A new research has claimed that teenagers are learning about sex through magazines.
According to a leading Australian sexuality researcher, teenage magazines are making up for the lack of initiative on the part of the parents to give their children proper information about sex.
The head of the Promoting Healthy Sexuality Research Group, Professor Alan McKee, said that lack of sex education from an early age meant young people were having sex at an earlier age and contracting sexually transmitted infections (STIs).
"''Thank god for the media, because in Australia today that's where young people are finding out much of the necessary information," the Sydney Morning Herald quoted him as saying.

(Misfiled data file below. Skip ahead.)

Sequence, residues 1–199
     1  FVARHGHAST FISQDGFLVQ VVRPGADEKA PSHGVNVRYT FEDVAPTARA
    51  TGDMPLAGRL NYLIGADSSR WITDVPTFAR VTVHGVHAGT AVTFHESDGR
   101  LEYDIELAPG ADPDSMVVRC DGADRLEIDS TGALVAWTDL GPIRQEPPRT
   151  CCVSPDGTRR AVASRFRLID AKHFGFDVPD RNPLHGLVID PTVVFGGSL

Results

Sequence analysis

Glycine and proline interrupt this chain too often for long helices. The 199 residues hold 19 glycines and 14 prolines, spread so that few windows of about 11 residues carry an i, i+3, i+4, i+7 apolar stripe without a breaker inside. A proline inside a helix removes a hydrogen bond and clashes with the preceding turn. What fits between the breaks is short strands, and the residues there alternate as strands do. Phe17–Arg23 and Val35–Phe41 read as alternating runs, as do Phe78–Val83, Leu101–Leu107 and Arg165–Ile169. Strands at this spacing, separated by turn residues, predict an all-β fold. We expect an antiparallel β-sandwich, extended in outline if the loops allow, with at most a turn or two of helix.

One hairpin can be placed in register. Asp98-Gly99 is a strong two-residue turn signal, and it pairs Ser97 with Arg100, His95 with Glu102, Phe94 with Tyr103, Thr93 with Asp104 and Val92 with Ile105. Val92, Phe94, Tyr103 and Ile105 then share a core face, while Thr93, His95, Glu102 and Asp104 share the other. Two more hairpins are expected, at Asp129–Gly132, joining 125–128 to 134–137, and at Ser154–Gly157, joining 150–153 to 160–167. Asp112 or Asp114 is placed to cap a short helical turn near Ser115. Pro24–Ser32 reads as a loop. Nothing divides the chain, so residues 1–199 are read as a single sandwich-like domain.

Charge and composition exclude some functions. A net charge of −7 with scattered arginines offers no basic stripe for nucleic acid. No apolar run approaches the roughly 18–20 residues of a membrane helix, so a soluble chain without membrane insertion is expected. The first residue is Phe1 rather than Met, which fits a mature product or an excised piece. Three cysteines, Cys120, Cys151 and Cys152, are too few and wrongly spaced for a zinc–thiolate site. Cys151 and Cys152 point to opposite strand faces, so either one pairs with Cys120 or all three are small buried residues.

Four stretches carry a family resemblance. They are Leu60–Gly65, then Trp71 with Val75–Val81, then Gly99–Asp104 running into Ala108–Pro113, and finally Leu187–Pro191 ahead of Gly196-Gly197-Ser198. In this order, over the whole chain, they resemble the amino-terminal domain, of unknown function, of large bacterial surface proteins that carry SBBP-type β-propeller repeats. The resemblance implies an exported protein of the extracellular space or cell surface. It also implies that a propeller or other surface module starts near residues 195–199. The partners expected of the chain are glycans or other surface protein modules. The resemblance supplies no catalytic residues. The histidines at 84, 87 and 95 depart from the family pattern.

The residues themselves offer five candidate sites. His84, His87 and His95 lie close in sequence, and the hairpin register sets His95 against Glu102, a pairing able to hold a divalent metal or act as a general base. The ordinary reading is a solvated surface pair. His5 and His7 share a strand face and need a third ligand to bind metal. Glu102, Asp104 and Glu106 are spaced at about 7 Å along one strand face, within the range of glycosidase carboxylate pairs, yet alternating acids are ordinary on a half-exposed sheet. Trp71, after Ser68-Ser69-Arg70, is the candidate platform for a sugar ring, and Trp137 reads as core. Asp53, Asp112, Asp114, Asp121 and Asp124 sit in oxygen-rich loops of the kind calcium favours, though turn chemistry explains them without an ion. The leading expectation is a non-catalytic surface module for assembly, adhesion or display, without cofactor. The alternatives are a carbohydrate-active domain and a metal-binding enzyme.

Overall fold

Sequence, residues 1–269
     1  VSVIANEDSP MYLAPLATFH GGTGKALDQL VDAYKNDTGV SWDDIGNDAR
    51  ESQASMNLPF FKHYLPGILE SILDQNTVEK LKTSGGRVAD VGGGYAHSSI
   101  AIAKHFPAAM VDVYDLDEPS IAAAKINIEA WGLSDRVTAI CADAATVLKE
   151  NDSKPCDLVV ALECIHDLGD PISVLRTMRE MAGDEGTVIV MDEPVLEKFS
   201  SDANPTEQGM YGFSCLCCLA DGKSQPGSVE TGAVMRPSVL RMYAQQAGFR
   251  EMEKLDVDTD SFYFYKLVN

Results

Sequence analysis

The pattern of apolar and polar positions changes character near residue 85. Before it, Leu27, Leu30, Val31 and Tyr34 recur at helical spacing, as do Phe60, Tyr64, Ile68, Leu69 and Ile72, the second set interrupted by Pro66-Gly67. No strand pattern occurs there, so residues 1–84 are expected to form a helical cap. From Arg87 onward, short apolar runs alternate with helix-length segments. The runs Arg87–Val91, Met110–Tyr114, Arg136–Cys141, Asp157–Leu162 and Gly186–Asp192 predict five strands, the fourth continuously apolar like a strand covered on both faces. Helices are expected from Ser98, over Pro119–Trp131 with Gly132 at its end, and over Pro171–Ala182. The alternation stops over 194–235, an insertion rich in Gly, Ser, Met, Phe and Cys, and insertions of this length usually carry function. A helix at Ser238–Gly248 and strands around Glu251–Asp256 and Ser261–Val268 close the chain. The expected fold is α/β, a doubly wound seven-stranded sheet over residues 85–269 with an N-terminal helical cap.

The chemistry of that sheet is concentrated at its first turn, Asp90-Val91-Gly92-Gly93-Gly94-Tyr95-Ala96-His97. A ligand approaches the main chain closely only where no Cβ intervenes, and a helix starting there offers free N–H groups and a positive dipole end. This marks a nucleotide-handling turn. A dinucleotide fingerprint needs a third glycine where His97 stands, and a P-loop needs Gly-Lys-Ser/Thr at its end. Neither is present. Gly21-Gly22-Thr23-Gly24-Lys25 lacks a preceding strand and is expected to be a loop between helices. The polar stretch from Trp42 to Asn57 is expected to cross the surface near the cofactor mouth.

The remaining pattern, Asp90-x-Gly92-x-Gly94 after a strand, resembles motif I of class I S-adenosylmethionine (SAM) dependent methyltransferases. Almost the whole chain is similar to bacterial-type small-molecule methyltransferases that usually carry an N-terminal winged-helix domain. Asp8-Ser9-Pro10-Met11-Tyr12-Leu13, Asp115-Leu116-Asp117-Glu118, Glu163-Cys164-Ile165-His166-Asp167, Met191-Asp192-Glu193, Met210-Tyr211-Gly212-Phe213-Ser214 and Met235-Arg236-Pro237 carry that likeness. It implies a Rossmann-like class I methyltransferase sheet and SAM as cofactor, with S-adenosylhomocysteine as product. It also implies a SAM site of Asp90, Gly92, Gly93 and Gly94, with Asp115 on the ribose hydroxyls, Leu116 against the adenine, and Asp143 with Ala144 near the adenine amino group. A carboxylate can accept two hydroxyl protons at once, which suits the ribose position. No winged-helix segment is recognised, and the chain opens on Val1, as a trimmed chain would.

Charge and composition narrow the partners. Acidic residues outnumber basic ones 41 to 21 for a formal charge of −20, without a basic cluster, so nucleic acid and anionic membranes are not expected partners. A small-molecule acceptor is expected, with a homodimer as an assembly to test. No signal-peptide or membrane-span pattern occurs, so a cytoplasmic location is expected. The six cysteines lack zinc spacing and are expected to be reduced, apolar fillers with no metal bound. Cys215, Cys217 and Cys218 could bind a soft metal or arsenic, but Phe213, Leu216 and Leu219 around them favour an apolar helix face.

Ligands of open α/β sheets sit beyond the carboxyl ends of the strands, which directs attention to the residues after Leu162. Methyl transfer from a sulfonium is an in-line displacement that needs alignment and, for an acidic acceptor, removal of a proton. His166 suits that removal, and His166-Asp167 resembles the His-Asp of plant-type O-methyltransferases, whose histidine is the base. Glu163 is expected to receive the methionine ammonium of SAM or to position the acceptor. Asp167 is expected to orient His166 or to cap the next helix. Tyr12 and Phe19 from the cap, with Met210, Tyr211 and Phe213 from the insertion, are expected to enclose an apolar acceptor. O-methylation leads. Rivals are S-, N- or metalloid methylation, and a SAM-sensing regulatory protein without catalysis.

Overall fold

"''Ideally, parents would be able to do this. We know that in the real world, talking openly with young people about sex leads to young people putting off their first sexual contact, lower rates of STIs and lower rates of unplanned pregnancies," he stated.
According to the figures from the Bureau of Statistics, more than 12,000 teenagers gave birth in 2008, whereas according to estimates by the University of Melbourne, about 5 percent of 16 to 25-year-olds have the STI chlamydia.